Healthcare in Armenian’s prisons undergoes drastic improvements
“Following a European Union and Council of Europe survey of prison hospitals it became clear that that the medical department should be independent of the penitentiary system”, said Roza Babayan, a public health consultant. “The penitentiary medical system in Armenia has never been reformed and had remained at the Soviet era standard”, said Babayan. The system is a closed-type and is under the responsibility of the head of the penitentiary institutions. This health system is the only one in Armenia which functions without a license, and its staff has never engaged in the continuous medical education required by the law for public healthcare staff in Armenia every 5 years. “This suggests that none of the accepted health standards of the Republic of Armenia were applicable for the medical services it provided”, said Babayan.
A comprehensive needs assessment report on the conditions of the prisons and a survey on prison healthcare units, including treatment of mental illness patients, were carried out by the joint EU/Council of Europe project for strengthening health care and human rights protection of prisoners in Armenia.
As a result of this research, the medical department was transferred from the penitentiary system to the Ministry of Justice to eliminate any corruption risks and any arbitrariness of the managers of the penitentiary institutions. A state medical non-profit organisation was established, which is due to start its work in September 2018.
“Transmitting the medical department to the Ministry of Justice, is the guarantee of independence of the staff, who will not have to negotiate a chain of managers of the penitentiary system each time they prescribe a medicine or send a prisoner to the hospital”, said Babayan. Previously it was up to the head of the penitentiary institution, and not a medical expert, to agree to a medical treatment or to reject it. As a result treatments were often delayed, and there were also cases of mortalities.”
Improvement of technical and material conditions on the way, as license is at stake
The project purchased 180 000 euros worth of medical equipment for prison healthcare institutions.
Araik Hakobyan, the Chief Medical Expert of the Penitentiary Department, said that “The equipment was a huge support for us, since we were poorly equipped, with basic equipment only in a few institutions.” He mentioned that all eleven penitentiary institutions, except the prison hospital, received medical equipment. “In the past, when medical services were needed, the patient was sent to the prison hospital, and this was not a good solution for serious emergency cases or the more minor cases which shouldn’t require hospitalisation. There is no such problem now.”
An improvement of health care services, material conditions and an increase in medical staffing levels are high on the agenda of the newly establishing entity as it plans to get its license. As the medical department of the penitentiary institutions is understaffed with a 126 members for around 3,500 prisoners, and a lack of specialists is another problem. “There is a lack of specialists to use some of the new equipment but the newly establishing entity is in the process of recruitment and we expect this issue will be resolved”, said Hakobyan.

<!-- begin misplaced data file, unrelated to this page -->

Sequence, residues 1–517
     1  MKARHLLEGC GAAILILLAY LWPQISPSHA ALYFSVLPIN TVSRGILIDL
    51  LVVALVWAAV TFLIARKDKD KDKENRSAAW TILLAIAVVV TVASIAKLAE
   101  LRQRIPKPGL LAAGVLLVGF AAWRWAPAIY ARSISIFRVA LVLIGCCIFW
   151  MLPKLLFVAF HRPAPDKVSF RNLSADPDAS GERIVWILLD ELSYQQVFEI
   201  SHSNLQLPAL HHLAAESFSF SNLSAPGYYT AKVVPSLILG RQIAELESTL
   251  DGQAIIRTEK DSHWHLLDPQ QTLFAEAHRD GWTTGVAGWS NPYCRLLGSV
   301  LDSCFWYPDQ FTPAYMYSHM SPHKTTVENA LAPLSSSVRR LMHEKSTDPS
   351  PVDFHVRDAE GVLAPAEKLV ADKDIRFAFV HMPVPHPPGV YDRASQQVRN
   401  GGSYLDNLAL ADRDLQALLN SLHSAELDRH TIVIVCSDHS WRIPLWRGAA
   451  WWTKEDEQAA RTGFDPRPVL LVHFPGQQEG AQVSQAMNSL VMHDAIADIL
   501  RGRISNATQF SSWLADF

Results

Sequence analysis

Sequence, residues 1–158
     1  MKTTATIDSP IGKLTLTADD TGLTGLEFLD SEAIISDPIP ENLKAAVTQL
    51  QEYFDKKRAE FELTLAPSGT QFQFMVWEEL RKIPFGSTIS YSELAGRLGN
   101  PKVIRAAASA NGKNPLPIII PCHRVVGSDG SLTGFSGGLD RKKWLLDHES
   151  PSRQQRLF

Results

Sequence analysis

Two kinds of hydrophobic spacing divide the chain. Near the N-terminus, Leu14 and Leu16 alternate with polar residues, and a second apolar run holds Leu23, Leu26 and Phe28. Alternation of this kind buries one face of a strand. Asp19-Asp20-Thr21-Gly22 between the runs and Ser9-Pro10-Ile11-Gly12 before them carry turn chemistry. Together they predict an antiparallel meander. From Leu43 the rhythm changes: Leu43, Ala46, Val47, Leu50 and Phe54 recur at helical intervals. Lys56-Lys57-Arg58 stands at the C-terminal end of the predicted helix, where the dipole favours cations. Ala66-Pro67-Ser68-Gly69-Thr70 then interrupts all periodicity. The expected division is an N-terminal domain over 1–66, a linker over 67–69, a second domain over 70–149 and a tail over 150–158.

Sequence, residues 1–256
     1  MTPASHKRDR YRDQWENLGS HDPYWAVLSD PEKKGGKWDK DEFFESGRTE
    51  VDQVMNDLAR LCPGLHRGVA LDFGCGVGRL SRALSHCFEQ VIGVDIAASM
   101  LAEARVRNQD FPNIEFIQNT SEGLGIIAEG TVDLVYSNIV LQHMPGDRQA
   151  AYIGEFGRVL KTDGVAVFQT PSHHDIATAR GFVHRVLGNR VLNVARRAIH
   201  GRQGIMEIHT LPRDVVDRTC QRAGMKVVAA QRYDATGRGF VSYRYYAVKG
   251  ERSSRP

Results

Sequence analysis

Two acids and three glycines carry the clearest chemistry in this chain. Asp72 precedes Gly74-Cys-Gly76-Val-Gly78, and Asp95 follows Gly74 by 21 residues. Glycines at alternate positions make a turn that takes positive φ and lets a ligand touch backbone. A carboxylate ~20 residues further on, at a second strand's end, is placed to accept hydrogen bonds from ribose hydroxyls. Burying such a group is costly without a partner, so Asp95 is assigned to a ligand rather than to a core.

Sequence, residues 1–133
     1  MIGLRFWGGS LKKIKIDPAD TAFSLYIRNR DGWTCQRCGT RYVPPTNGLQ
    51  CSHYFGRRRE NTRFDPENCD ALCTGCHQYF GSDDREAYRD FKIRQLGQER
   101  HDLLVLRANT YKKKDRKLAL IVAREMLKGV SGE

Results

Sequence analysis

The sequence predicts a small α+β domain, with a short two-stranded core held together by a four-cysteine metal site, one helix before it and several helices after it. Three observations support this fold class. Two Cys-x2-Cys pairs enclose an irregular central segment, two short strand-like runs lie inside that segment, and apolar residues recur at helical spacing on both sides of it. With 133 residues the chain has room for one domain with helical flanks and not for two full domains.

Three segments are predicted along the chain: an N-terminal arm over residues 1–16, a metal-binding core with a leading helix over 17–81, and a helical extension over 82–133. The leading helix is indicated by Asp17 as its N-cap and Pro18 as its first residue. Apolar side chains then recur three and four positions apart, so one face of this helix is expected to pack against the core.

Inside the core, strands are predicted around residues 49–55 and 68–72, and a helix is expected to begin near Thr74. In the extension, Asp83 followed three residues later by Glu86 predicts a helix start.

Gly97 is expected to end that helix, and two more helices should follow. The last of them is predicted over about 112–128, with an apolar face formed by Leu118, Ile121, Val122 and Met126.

Informed means more protected
A manual for persons in custody was prepared by the project to inform them about their rights and access to legal assistance. Rosa Babayan mentioned that the manual will help prisoners understand how to protect their rights and who is responsible for different fields in the system.
Another milestone of the project was the development of a database on health care in prisons. “We did not have any statistics on the health care in prisons, it was a separate system. However, the data is important for the overall health care system to understand the index case, once prisoners with sicknesses are release", said Babayan. The database also solves issues related to budgeting and target spending. “Before, there was an approximate figure at the end of the fiscal year, this will be more accurate.” she said.
These concrete results reflect the added value of the partnership between the European Union and the Council of Europe.
Code of medical ethics trainings to better highlight what “torture” might mean
The project also ran cascade training sessions on medical ethics based on curricula developed by international and national Council of Europe consultants and carried out by trainers who followed the “training of trainers” sessions. Approximately 800 medical and non-medical staff were trained on the code of medical ethics, violence in prison, mental health promotion, healthcare for vulnerable groups, infectious diseases and preventive physical healthcare.
Arshak Gasparyan, Head of Social Justice NGO, which conducted training sessions on medical ethics, said: “A legislative base for medical ethics is missing in Armenia, but we were taught international standards, as well as the “Istanbul protocols” concerning the definition of torture and the prevention of torture."
Gasparyan said that ethical issues were explained and introduced through practical case studies, educational videos and debates on how to work effectively with respect of ethics and human rights. He noted that it was important for people to understand the relationship between doctors and prisoners, which may not always be guaranteed by legislation, but through the code of medical ethics and the protection of the international standards, it can and should be placed above any law.